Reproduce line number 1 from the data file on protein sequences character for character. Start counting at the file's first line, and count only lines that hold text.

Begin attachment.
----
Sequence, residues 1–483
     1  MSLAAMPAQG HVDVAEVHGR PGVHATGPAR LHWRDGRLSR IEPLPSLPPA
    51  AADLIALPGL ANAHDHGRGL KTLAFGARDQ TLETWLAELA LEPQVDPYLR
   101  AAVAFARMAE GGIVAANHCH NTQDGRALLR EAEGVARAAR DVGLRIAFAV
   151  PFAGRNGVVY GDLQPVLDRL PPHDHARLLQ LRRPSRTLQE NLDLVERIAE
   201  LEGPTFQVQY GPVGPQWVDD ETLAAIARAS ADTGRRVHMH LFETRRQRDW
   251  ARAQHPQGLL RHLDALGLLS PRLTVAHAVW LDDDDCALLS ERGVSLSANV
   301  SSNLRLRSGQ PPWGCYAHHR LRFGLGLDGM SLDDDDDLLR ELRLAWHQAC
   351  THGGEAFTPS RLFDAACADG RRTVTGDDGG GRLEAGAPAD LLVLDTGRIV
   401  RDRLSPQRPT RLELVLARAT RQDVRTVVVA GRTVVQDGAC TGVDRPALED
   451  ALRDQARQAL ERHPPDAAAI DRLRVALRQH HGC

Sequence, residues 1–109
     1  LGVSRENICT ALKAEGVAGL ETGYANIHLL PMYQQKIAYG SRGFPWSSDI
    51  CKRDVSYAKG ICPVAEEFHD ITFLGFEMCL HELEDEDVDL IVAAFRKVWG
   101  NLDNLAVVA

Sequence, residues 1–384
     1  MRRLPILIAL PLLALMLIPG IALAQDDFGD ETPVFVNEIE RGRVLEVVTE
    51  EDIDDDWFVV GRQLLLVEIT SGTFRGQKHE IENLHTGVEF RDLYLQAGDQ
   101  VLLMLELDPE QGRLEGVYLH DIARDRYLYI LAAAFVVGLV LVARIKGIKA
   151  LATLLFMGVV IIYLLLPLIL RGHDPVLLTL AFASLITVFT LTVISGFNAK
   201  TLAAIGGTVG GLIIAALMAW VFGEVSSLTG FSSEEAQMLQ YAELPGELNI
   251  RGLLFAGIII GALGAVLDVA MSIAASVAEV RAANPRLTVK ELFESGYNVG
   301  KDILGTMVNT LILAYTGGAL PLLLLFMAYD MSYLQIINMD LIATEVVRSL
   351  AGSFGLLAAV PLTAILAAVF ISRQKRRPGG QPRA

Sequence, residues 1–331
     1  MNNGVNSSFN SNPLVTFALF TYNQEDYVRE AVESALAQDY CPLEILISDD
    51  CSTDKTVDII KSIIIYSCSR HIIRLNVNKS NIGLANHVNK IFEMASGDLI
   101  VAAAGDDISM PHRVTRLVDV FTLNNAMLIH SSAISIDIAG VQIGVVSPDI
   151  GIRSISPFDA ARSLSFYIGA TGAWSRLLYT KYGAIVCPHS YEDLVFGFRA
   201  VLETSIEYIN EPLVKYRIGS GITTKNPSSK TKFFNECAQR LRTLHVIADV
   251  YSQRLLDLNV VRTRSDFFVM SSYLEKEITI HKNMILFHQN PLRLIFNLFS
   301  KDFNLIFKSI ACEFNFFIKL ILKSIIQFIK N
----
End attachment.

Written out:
Sequence, residues 1–483